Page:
A Companion to Literature and Film / Edition 1

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A Companion to Literature in Film provides state-of-the-art research on world literature, film, and the complex theoretical relationship between them. 25 essays by international experts cover the most important topics in the study of literature and film adaptations.

  • Covers a wide variety of topics, including cultural, thematic, theoretical, and genre issues
  • Discusses film adaptations from the birth of cinema to the present day
  • Explores a diverse range of titles and genres, including film noir, biblical epics, and Italian and Chinese cinema
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Editorial Reviews

From the Publisher
“This volume stands as a model for consolidating studies of film and literature. It demonstrates that this field of intellectual inquiry, as it has developed over the last 15 years, encompasses the highbrow and the low; first and third world subject matter; issues of audience as well as authorship; and a commitment to interdisciplinarity. This collection will be useful for all kinds of readers: scholars, undergraduates, and all those who take seriously the pleasures provided by movies and novels.”
Eric Smoodin, University of California at Davis

“To anyone believing the discussion of novel-into-film had been exhausted a generation ago, A Companion to Literature and Film will come as a welcome surprise. Each of the twenty-five brilliantly argued case studies shows a level of conceptual clarity and interdisciplinary range that is astonishing. Scholars will find that this book bristles with ideas, while newcomers to the debates have an indispensable and expert guide.”
Thomas Elsaesser, University of Amsterdam

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Product Details

Meet the Author

Robert Stam is University Professor at New York University. His many books include Film Theory: An Introduction (Blackwell, 2000), Unthinking Eurocentrism: Multiculturalism and the Media (with Ella Shohat, 1994), and Subversive Pleasures: Bakhtin, Cultural Criticism and Film (1989). With Toby Miller, he is the editor of Film and Theory (Blackwell, 2000) and The Blackwell Companion to Film Theory (2000).

Alessandra Raengo is finishing her PhD in the Cinema Studies Department at New York University, where she occasionally teaches. Her dissertation explores race and vernacular social criticism in American culture between 1945 and 1968. Among her publications are The Birth of Film Genres (1999) and The Bounds of Representation (2000), both multilingual volumes edited with Leonardo Quaresima and Laura Vichi.

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Table of Contents

List of Illustrations.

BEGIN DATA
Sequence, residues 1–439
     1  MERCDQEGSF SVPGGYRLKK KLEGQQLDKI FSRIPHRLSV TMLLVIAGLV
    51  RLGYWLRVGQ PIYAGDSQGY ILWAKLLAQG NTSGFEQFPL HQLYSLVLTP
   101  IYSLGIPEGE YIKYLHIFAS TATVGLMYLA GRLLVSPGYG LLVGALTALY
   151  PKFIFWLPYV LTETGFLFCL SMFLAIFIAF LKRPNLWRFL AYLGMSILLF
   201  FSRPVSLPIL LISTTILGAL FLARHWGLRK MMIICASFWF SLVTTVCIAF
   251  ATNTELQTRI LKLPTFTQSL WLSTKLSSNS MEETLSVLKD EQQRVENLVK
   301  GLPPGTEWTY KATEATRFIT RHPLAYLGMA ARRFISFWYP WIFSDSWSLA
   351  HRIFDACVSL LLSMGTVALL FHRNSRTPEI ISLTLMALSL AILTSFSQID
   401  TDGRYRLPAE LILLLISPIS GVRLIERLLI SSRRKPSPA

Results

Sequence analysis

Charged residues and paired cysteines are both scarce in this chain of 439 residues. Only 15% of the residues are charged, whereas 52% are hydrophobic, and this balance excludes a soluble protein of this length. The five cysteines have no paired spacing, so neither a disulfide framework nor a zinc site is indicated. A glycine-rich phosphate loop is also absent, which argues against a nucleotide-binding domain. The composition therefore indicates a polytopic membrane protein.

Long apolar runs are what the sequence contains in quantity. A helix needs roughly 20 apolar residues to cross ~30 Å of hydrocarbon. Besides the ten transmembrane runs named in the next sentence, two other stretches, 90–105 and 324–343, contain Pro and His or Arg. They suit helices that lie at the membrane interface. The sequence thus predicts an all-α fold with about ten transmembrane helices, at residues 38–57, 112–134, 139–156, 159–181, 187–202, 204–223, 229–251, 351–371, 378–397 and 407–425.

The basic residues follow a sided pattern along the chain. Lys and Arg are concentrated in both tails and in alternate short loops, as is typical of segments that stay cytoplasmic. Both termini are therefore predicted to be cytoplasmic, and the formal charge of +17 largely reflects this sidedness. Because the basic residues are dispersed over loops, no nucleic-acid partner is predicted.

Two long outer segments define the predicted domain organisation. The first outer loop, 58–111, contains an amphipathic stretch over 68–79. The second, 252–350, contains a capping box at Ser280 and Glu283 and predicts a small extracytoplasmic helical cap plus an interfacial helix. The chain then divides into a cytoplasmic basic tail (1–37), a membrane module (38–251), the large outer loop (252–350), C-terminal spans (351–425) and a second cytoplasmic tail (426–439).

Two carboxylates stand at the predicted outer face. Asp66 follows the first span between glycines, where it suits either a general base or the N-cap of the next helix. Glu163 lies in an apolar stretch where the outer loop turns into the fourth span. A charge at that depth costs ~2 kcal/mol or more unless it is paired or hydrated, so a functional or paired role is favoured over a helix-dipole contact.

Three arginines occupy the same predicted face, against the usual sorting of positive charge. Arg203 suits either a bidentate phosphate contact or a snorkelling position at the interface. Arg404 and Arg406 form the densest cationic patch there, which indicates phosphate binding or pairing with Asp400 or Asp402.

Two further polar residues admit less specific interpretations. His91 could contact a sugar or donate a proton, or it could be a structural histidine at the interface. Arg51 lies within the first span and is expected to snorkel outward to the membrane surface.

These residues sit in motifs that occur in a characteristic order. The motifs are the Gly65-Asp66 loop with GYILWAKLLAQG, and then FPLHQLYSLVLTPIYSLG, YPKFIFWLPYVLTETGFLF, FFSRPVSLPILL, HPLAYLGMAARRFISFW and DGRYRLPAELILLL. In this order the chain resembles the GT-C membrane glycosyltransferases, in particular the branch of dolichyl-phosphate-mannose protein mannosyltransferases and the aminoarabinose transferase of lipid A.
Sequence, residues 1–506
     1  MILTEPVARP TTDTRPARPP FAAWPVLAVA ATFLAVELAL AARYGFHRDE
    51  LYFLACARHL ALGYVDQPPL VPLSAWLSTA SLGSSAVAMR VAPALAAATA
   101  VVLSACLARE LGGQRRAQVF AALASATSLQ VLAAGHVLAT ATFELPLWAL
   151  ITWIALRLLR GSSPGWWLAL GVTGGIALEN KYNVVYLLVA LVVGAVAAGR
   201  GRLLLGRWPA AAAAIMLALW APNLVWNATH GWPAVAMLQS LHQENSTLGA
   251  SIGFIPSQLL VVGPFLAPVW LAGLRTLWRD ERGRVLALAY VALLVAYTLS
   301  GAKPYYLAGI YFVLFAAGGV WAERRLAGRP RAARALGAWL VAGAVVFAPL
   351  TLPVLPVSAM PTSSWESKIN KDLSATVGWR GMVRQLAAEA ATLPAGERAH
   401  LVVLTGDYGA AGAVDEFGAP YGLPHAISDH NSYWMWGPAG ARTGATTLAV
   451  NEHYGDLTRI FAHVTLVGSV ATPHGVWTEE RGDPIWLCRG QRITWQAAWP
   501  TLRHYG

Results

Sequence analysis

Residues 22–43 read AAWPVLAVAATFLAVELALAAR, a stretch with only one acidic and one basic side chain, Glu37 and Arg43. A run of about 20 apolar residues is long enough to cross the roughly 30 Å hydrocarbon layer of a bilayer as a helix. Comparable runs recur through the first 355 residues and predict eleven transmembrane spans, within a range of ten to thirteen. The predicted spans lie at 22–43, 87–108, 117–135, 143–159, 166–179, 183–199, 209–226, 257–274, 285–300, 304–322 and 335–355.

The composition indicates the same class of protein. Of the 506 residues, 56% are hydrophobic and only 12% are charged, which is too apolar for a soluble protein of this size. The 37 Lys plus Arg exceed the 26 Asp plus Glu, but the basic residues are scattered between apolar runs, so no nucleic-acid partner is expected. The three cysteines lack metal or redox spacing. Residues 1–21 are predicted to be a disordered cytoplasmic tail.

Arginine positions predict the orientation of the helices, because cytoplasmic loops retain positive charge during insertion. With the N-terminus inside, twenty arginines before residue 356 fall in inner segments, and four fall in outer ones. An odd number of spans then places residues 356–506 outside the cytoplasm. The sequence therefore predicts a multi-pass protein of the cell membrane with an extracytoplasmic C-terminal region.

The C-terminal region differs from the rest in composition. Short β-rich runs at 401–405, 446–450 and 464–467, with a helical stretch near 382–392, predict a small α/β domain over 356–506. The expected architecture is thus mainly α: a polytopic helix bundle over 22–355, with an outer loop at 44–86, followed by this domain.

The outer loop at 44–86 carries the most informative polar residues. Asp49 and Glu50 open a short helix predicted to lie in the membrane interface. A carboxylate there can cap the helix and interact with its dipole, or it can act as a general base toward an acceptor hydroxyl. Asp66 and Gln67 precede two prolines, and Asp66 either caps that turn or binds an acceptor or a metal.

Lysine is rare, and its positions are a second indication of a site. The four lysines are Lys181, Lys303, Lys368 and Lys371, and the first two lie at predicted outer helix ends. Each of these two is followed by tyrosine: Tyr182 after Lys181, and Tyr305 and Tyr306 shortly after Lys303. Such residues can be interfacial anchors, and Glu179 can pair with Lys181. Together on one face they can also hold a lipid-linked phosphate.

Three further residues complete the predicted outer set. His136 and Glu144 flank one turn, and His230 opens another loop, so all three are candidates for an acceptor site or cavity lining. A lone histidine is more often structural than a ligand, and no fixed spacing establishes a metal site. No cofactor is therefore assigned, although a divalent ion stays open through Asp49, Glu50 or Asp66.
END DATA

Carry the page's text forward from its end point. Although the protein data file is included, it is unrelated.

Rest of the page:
Notes on Contributors.



1. Novels, Films, and the Word/Image Wars: Kamilla Elliott (University of California at Berkeley).

2. Sacred Word, Profane Image: Theologies Of Adaptation: Ella Shohat (New York University).

3. Gospel Truth? From Cecil B. DeMille to Nicholas Ray: Pamela Grace (New York University).

4. Transécriture and Narrative Mediatics: The Stakes of Intermediality: André Gaudreault (University of Montreal) and Philippe Marion.

5. The Look: From Film to Novel: An Essay in Comparative Narratology: Francois Jost (Sorbonne).

6. Adaptation and Mis-adaptations: Film, Literature, and Social Discourses: Francesco Casetti (Catholic University of the Sacred Heart).

7. The Invisible Novelty: Film Adaptations in the 1910s: Yuri Tsivian (University of Chicago).

8. Italy and America: Pinocchio's First Cinematic Trip: Raffaele De Berti (University of Milan).

9. The Intertextuality of Early Cinema: A Prologue to Fantomas: Tom Gunning (University of Chicago).

10. Cosmopolitan Projections: World Literature on Chinese Screens: Zhang Zhen (New York University).

11. The Rhetoric of Interruption: Allen Weiss (New York University).

12. Visualizing The Voice: Joyce, Cinema And The Politics Of Vision: Luke Gibbons (University of Notre Dame).

13. Adapting Cinema to History: a Revolution in the Making: Dudley Andrew (Yale University).

14. Photographic Verismo, Cinematic Adaptation, and the Staging of a Neorealist Landscape: Noa Steimatsky (Yale University).

15. The Devil's Parody: Horace McCoy's Appropriation and Refiguration of Two Hollywood Musicals: Charles Musser (Yale University).

16. The Sociological Turn of Adaptation Studies: The Example of Film Noir: R. Barton Palmer (Clemson University).

17. Adapting Farewell, My Lovely: William Luhr (Columbia University).

18. Daphne du Maurier and Alfred Hitchcock: Richard Allen (New York University).

19. Running Time: The Chronotope of The Loneliness of the Long-Distance Runner: Peter Hitchcock (Baruch College, CUNY).

20. From Libertinage to Eric Rohmer: Transcending 'Adaptation': Maria Tortajada (University of Lausanne).

21. The Moment of Portraiture: Scorsese Reads Wharton: Brigitte Peucker (Yale University).

22. The Talented Post-structuralist: Hetero-masculinity, Gay Artifice, and Class Passing: Chris Straayer (New York University).

23. From Bram Stoker's Dracula to Bram Stoker's Dracula: Margaret Montalbano (New York University).

24. The Bible as Cultural Object[s] in Cinema: Gavriel Moses (University of California at Berkeley).

25. All's Wells that Ends Wells: Apocalypse and Empire in The War of the Worlds: Julian Cornell (New York University).


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